Of my innate sensitivity to Sound, and my love for Music
Yes, you have the right impression about the title of this post. It's written in Sindarin, the elven language created by Tolkien. I will immediately provide you with a translation: "Well met. I [am] Arwen". There is no verb to be in Sindarin, just as it happens in Russian. If you are interested in learning some Sindarin, please follow the link to the right, which will lead you to a comprehensive site about Tolkien's languages. Once again, I am referring to Tolkien in the title of my post, when the contents have nothing to do with him. In fact, this post will be about my own feelings about musical beauty. It will be very personal and introspective, and of a different quality compared to my previous posts. It will also dig into certain technicalities which I hope won't scare my readers away.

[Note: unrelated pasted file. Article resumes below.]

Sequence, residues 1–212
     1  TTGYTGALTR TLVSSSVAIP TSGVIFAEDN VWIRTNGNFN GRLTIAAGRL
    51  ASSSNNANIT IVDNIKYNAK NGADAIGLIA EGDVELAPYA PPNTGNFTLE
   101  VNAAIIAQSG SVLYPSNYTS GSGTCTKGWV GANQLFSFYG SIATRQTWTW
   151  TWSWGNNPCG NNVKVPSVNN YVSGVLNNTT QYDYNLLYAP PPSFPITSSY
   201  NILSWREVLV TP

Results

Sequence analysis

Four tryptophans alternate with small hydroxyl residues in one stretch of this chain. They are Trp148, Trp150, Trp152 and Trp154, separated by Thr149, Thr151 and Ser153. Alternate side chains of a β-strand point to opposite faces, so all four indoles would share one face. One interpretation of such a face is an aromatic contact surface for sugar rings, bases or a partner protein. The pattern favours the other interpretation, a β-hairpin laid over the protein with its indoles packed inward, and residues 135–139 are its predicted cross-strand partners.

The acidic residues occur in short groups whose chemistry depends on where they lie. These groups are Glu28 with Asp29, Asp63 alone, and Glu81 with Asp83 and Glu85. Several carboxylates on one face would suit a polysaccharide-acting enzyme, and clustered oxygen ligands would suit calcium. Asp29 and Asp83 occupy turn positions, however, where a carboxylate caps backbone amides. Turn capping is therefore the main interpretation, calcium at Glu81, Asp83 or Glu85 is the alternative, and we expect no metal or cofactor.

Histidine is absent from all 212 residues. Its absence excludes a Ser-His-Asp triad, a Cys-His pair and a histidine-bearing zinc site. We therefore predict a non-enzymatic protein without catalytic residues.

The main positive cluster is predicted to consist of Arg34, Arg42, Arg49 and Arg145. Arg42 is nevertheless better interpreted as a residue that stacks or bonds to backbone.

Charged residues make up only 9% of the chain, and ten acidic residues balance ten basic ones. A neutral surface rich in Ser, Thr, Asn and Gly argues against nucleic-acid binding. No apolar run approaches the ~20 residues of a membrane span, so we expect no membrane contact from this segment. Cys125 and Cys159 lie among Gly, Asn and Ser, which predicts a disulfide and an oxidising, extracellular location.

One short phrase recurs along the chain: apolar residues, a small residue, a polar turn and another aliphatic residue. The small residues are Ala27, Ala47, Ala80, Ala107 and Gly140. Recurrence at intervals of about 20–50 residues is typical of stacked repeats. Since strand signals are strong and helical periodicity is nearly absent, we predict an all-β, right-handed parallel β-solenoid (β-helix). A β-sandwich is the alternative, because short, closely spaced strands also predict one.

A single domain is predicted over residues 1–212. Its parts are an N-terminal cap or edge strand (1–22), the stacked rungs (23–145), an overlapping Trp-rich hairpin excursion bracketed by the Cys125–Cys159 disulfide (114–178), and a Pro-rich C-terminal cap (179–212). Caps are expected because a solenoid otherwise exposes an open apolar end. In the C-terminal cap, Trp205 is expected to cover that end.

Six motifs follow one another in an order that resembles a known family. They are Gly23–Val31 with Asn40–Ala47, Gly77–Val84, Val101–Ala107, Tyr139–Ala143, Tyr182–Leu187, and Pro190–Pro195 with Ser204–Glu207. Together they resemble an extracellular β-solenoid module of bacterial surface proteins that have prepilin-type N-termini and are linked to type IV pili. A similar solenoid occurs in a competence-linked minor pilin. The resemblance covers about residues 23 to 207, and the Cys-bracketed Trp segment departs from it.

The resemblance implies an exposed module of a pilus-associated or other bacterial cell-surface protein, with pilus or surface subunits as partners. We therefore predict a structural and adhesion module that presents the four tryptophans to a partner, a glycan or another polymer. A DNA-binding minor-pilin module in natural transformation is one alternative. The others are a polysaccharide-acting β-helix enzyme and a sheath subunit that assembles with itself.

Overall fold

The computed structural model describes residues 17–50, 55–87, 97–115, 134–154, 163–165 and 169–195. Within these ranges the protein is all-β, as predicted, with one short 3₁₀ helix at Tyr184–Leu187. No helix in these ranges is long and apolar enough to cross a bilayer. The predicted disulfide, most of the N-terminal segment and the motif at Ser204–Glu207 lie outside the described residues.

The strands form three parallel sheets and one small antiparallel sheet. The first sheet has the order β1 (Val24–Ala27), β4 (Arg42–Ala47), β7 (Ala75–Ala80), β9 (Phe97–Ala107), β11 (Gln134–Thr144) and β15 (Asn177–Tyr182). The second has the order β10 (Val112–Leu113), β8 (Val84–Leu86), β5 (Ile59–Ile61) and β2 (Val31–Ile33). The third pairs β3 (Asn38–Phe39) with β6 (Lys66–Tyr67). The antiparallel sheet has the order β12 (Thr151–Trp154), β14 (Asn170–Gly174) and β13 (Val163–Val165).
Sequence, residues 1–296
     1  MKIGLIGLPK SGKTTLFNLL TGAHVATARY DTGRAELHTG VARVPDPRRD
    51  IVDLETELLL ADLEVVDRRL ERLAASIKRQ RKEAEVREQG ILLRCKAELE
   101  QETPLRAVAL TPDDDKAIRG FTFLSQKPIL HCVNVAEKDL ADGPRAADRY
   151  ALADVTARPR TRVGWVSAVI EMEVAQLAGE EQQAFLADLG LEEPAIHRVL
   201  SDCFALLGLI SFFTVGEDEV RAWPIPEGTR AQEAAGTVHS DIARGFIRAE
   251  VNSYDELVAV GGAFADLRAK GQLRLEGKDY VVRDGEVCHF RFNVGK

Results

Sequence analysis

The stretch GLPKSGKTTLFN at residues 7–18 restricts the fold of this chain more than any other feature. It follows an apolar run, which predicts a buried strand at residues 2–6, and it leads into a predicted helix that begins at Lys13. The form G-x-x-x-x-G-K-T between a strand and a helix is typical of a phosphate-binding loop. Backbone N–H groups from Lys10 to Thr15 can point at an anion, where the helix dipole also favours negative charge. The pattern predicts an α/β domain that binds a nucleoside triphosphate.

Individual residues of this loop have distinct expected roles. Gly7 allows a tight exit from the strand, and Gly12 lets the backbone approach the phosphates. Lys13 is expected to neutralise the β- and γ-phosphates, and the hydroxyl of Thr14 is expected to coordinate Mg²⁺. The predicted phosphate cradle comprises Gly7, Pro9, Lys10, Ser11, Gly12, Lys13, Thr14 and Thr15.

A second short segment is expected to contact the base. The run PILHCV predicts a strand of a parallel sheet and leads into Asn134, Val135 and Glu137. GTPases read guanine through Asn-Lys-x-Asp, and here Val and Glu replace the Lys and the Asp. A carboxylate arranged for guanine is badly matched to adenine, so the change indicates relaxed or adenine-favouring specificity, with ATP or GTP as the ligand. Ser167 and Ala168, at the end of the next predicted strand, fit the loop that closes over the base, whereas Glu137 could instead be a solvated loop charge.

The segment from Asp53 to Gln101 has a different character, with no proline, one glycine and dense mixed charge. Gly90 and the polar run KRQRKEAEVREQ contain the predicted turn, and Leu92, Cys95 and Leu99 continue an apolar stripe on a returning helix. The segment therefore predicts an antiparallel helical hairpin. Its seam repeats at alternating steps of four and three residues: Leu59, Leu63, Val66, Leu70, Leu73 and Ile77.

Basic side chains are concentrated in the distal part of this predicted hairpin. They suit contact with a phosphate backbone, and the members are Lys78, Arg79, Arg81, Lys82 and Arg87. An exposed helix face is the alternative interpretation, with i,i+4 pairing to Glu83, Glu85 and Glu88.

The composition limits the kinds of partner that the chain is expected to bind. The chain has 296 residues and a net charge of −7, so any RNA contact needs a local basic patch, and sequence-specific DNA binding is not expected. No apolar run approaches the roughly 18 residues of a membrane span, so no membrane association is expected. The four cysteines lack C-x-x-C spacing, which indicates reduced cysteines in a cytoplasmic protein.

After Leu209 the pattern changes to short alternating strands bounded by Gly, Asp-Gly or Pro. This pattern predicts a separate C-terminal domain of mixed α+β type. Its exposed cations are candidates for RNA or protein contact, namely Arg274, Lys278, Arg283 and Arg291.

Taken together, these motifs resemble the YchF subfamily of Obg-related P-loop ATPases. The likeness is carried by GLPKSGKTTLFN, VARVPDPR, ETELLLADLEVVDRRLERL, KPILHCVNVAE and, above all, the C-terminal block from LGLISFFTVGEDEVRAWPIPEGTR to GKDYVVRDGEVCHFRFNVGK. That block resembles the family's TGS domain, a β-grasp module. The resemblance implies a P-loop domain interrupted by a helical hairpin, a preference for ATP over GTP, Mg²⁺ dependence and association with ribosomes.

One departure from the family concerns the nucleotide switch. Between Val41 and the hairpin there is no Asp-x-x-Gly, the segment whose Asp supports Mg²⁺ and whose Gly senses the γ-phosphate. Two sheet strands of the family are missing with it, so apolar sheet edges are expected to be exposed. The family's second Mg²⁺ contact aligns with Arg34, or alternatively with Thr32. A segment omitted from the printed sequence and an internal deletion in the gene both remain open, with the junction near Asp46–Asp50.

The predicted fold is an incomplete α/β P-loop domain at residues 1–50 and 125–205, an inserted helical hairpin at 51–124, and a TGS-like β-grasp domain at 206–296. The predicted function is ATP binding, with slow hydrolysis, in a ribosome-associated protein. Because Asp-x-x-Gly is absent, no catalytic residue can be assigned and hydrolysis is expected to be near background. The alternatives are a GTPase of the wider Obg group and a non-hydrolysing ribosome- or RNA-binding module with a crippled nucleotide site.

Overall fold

If you have seen the Lord of the Rings, you might have noticed that every now and then actors spoke in a language you couldn't understand without subtitles. That language was Sindarin. Probably you got the impression, despite the inability to understand it, that Sindarin sounded very beautiful to the ear. It is musical, harmonious, and sweet. When Liv Tyler for the first time speaks her line in Elvish, it seems that speech has turned into a song of innatural beauty. I am very fond of foreign languages and their sounds. I believe that in order to sense the beauty of a word, it's better to ignore its meaning: in fact, when the meaning of a speech is obscure, all that remains is the sound of it, and my mind can concentrate completely on it without the distraction of attaching a meaning to each word, and an idea to the speech. I am not advocating the primacy of beauty over the meaning of a text of course! I am using this literary metaphor to provide an example of what will come next.